Bae and I were craving Italian one chilly Saturday evening, so after what felt like an eternity of debating which one of the Gourmet Ghetto Italian restaurants to stop by,  we settled on Corso. And I'm so glad that ended up being our choice!

The modest two-room space was packed to the brim, but luck found us a seat at the bar that overlooks the open kitchen. Warm subtle lighting and a casual ambiance made it feel so warm and toasty and homely inside. Soaring ceilings and dark wooden fixtures added a bit character, too.

We started off with the Olive Marinate (pictured below), one of the eleven different Antipasti selections. Olives come slathered in garlic, chile, lemon and other herbs. They’re a mix of colors and sizes. I was expecting something completely different — something more like a spread (my fault for not checking with the waiter!) — but was pleasantly surprised at how much flavor they had.

We then opted for the Tagliatte pasta, pictured below. A thick, hearty lamb and pork tomato sauce covers delicious house-made pasta. The essence of red wine and other herbs enhances the sauce nicely. This was so, so filling and tasty.

As an entrée, we selected the Spada, pictured below. Grilled swordfish is topped with a medley of olives, capers and fresh herbs. Surrounding it is almost what could be considered a stew of fava beans, tomatoes, garlic, carrots and other veggies. The swordfish was tender and you could subtly taste its grilled aroma. It went so well with the fava bean concoction, too.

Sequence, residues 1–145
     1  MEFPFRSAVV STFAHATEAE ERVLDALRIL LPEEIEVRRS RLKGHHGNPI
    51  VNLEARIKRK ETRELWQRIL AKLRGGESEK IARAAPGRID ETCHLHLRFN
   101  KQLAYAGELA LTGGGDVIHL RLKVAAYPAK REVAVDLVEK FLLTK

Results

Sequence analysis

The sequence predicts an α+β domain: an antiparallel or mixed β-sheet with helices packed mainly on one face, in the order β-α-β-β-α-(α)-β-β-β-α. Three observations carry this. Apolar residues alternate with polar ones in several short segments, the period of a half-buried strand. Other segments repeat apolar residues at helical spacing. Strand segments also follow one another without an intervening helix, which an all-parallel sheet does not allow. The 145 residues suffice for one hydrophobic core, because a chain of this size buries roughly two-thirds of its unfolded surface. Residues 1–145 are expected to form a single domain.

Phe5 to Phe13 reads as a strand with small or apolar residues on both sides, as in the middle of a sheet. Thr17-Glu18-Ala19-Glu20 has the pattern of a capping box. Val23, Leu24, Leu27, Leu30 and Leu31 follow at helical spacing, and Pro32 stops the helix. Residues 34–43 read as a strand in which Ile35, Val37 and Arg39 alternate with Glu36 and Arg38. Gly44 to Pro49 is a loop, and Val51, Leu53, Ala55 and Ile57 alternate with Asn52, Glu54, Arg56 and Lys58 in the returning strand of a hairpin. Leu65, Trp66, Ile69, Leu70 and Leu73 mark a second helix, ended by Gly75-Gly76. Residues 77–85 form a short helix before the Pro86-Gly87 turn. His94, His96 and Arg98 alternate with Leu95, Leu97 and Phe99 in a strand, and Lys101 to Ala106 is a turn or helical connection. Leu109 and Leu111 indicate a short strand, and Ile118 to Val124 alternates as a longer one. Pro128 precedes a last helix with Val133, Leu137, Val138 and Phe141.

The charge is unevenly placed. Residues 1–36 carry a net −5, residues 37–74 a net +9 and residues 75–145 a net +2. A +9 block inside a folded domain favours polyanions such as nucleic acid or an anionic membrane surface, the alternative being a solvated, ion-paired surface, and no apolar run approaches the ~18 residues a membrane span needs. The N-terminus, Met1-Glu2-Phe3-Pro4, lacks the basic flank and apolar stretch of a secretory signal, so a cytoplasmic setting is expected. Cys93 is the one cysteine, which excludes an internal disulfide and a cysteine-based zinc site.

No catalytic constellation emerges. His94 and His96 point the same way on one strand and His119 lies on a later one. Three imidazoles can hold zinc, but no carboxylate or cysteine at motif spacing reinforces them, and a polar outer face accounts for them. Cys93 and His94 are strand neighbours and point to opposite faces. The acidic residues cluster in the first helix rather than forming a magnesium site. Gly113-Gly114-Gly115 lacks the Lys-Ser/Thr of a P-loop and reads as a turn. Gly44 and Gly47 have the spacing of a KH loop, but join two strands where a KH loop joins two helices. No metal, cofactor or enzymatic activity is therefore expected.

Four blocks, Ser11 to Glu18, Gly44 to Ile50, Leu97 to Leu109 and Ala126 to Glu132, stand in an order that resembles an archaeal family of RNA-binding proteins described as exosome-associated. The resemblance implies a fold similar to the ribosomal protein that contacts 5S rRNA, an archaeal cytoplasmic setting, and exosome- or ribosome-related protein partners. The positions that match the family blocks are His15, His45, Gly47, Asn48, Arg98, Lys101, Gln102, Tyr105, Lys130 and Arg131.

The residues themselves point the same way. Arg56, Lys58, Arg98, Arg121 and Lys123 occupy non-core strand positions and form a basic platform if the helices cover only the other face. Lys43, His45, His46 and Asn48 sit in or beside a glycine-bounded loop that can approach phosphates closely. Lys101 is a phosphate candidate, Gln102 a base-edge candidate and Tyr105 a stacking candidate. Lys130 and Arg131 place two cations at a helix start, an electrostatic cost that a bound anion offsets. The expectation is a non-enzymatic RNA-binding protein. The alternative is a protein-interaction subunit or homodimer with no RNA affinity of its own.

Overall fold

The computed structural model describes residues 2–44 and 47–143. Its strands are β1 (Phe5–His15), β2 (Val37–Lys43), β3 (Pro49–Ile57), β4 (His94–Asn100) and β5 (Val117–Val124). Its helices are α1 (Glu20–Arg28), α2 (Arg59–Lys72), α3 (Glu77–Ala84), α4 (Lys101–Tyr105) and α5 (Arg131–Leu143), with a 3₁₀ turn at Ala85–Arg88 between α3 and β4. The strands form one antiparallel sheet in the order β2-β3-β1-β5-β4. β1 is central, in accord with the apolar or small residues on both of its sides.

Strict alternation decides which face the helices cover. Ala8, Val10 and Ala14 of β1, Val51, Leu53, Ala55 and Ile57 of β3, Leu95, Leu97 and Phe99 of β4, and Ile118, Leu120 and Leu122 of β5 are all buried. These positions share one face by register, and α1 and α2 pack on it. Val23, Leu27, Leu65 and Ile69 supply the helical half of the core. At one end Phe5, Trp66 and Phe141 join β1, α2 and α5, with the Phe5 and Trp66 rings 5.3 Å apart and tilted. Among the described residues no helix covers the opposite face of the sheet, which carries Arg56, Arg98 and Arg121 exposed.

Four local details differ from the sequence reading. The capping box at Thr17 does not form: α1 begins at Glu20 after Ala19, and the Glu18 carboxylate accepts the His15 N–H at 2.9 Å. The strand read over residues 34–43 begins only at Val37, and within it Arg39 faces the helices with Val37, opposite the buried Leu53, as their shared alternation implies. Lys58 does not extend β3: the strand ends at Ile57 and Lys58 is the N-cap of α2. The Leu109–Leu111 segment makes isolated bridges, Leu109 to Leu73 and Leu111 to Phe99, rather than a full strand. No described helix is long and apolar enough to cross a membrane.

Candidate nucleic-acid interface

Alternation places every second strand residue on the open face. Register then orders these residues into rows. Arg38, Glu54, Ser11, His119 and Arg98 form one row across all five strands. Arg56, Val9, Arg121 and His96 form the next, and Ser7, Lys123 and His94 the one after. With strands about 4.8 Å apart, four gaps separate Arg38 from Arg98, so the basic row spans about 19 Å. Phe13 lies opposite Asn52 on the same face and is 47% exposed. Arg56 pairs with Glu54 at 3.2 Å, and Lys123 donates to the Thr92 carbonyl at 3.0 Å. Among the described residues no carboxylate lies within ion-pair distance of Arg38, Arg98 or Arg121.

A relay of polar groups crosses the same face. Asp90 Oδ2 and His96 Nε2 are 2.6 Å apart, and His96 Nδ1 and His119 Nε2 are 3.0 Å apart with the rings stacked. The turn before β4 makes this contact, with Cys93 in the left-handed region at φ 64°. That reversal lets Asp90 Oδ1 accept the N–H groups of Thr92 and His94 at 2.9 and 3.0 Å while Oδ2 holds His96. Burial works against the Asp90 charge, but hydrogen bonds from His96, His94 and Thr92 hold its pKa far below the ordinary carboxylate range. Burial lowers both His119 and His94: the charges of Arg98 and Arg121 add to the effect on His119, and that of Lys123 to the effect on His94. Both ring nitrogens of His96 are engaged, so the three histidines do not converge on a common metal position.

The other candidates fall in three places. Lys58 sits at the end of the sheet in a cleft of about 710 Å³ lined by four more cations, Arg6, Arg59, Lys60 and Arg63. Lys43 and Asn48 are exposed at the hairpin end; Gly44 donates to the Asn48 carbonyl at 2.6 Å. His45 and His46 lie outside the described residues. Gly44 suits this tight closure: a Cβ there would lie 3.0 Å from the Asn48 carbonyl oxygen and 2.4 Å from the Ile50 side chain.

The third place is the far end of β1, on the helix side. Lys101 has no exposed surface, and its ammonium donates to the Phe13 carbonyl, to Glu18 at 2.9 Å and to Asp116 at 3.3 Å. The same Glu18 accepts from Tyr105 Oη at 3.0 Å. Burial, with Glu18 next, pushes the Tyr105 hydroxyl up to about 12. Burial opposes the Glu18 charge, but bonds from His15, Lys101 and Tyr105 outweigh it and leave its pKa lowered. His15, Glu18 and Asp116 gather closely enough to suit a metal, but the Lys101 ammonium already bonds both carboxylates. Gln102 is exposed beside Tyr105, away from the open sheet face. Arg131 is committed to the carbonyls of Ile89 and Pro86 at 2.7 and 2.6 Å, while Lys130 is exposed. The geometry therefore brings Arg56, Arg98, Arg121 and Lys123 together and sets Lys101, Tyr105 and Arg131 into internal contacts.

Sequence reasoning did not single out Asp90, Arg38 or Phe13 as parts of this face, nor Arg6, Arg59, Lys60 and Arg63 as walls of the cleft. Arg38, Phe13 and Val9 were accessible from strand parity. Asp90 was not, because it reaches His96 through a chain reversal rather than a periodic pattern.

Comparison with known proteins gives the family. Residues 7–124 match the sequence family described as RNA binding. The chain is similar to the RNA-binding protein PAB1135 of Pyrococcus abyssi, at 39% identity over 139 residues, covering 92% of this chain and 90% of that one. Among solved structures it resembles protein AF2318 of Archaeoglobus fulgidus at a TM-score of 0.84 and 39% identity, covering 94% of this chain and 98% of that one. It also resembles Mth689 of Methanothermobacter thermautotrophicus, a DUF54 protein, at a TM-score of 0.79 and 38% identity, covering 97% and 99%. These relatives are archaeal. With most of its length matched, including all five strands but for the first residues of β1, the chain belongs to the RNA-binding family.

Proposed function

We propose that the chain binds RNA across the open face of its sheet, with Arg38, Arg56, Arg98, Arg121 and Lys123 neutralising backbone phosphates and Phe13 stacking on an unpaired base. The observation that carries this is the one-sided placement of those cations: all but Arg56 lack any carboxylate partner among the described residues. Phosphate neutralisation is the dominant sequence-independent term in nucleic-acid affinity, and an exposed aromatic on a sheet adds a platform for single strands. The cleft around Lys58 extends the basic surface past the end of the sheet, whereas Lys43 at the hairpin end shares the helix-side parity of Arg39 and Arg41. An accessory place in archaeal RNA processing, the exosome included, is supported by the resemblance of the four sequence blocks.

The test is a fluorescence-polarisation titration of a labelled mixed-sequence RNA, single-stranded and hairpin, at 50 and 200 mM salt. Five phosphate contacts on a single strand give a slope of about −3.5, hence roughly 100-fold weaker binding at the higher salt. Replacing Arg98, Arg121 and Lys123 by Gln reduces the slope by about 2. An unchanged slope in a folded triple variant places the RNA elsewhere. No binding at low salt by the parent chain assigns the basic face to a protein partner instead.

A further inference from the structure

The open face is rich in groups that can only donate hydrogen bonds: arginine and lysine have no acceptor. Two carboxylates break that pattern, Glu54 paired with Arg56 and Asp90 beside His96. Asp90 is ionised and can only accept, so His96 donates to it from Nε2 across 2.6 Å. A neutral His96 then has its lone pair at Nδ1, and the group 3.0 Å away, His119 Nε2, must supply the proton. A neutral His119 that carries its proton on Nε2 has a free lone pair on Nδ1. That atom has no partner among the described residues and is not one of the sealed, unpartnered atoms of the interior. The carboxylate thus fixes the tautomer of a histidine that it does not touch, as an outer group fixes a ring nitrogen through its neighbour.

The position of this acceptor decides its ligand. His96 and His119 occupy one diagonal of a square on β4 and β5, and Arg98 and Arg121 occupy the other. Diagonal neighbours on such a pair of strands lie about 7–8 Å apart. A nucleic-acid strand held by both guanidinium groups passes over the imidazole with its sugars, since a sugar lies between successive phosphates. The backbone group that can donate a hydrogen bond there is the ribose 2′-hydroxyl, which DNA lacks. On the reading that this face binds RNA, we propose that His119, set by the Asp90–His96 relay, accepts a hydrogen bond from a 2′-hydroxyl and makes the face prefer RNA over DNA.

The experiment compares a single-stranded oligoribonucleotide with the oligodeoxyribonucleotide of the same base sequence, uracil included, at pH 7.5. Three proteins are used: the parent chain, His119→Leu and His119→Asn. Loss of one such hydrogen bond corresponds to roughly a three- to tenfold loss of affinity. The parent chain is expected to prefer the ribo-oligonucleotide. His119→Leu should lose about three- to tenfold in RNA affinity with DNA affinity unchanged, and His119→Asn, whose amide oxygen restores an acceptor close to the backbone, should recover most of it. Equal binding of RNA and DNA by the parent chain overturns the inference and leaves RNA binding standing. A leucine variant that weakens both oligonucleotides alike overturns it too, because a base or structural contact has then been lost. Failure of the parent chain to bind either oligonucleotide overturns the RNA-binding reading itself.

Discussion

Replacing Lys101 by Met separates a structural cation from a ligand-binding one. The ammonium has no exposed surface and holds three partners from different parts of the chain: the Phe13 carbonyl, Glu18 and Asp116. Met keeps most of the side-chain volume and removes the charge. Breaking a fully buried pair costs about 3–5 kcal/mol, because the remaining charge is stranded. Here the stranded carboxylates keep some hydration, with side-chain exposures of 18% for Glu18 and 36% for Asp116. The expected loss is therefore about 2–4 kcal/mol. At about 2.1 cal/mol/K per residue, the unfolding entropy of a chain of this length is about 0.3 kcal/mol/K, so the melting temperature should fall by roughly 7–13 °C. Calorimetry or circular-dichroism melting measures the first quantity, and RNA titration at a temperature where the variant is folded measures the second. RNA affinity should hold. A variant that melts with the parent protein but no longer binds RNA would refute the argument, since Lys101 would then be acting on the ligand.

While we saved absolutely no room for dessert, that didn’t stop us from taking home the flourless chocolate cake with whipped cream and caramel and chocolate sauces. And let me tell you about this cake. It’s beyond belief how decadent it is! I could only handle a few bites at a time, but it would be every chocoholic’s dream dessert.

No libations for us this time, but there’s a wine list and I peeped quite a few patrons with some sort of cocktail in their hands.

All in all, Corso hit the spot for satisfying Italian cuisine in a no-frills ambiance. Plus, the service was noteworthy; our server had a polite, reserved disposition and one of the chefs right behind the bar frequently checked in with us to see how we were enjoying each dish. I’ll definitely be back to try out some of Corso's other classics, such as the Branzino.

What about you? Have you already visited Berkeley’s Gourmet Ghetto? If so, drop your favorite restaurant in the comments section below and see you there soon!

For more information: